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Summary: The day we call "Good Friday" was a pretty gruesome day. So how can we call it "Good Friday"? I believe we have four reasons why we can.

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Here we are again gathered for what we call a “Good Friday” service. I’ve always thought as a kid and even into young adulthood that it was such an odd name for this day. After all what happened on that day in so many ways wasn’t good, it was a tragedy. There was an innocent man railroaded. A man who not only never truly saw justice on that day, but was treated like a savage and a worthless animal. There was tremendous fear on that day for those who were close to Jesus. Would they be next? There were those who just knew that Jesus was going to be their conquering hero who would save them from Rome. But how could He be that person since he allowed himself to be taken captive? There was disillusionment that turned to anger there. Many of them would turn against Jesus when He didn’t fit their expectation of them. How could this be a day that we refer to as good. In other countries there are different names for this day. On the surface I can understand the names they have given it better than our own. For instance, in those countries like Denmark, Sweden, Norway and Finland they refer to it as “Long Friday.” For a lot of people that experienced that day I can only imagine that they felt like this day would never come to an end. I can see how someone would refer to it as “Long Friday.” Then in Germany it is referred to by some as “Friday of Mourning.” I can certainly understand that title for the day. The events of that day left a lot of people devastated, just totally devastated. Not only did they feel like their hopes and dreams had been smashed. But their Savior, Jesus, the man they had spent so much time with and loved was now dead. There was definitely a sense of mourning there. Now there are other countries and names that they have as well. In many Latin Countries and some others they refer to it as “Holy Friday.” But how do we get the name “Good Friday.” Some think it was a bad translation and it should have been God’s Friday. There are different theories on how we ended up with the name “Good Friday.” But is it possible that a day so brutal, a day filled with such injustice, can really be called good? I think we can look at this day and see good. So tonight I want to look at four reasons why we call it Good Friday.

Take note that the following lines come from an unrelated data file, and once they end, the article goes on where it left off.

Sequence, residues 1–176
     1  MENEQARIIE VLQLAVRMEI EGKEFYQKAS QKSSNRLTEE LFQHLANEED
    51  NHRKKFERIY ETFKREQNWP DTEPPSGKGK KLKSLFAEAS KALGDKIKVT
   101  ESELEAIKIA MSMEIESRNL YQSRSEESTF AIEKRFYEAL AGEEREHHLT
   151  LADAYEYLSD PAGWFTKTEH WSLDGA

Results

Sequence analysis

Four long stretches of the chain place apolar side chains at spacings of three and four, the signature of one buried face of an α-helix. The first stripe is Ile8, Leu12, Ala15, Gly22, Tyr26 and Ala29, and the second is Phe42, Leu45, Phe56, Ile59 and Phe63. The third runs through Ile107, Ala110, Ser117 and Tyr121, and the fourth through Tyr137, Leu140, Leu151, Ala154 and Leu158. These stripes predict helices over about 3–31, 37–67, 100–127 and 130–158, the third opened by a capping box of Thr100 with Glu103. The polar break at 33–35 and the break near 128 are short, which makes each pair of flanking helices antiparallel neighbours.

Like we said that day was a brutal and difficult day. If we look back at the gospel accounts, we know that Jesus was mocked and made fun of. He was hung on a cross between two thieves, He who has never sinned, hanging on a cross between two common criminals with one of them hurling insults at Him and mocking Him as well. When you look at other portions of scripture from the gospel we know that He was spit on. Some people struck Him with their fists, others even slapped Him. We know that he was flogged. What does it mean to be flogged? He was beaten with a whip that had nine lashes with sharp objects on the end of them that rip into the flesh. It’s so brutal that many never make it past that point. They die from the injuries of the flogging. We know that He had a crown of thorns placed on His head and the Roman soldiers beat Jesus on the head driving those thorns into His head. So you ask, “How can that be good?” It gave us a glimpse of just how good God’s love really is. We know that Jesus didn’t have to endure this. He could have chosen to keep His place next to the Father and never leave the comfort of Heaven. But love wouldn’t allow Him to do that. He could have called down angels from heaven to deliver Him from this painful ordeal that He was going through. But He never once cried “uncle.” His love for you and I wouldn’t allow Him to. He had to die on that cross for the plan to be complete, a plan that was based on love. You know the amazing thing about His love, is that He knew many of us would disappoint Him. Many people that He died for could care less right now about what He did on the cross for them. Yet He died for them as well. Paul speaks it so eloquently in Romans 5:7,8. “Very rarely will anyone die for a righteous man, though for a good man someone might possibly dare to die. But God demonstrates his own love for us in this: While we were still sinners, Christ died for us.” It’s a lot easier to die for a great person, a person of outstanding stature. But to die for people who are sinners, I don’t think many of us could even imagine it. Yet, Christ died for sinners. He died for each and every person. I don’t know about you, but I look at the mistakes that I have made in my life and I can’t imagine why anyone would die for me. Yet for some reason Christ did. It’s called an incredible love. God’s love is so deep and incredible that many times even believers struggle to know just how deep His love really is. One of the great prayers that Paul writes in the scriptures is a prayer that He had for the Ephesians. Listen to part of that prayer in Ephesians 3:17,18. Starting in the middle of verse 17 it reads, “And I pray that you, being rooted and established in love, may have the power, together with all the saints, to grasp how wide and long and high and deep is the love of Christ.” God’s love runs so deep it’s hard to fathom. Paul wanted more than anything for those at Ephesus to realize just how much God truly loved them. There are many Christians today who struggle with just how much God really loves us. There are many believers who have this concept of God as someone who is just waiting for you to mess up and when you do He is taking your salvation back right then and there on the spot. How could a God who went through everything that He did on that day for your salvation, just be waiting for you to mess up so He could take it back. When we mess up God loves us so much that He seeks to draw us back to Him. How else can you explain the fact that Jesus says I will leave the ninety-nine sheep to go looking for that one. Why else would He give us His Holy Spirit to convict us and help us to know that we need to repent. That Good Friday gives us an incredible picture of God’s love for us. God’s love is not only good, it goes way beyond good. How else could someone go through so much for someone? It had to be love.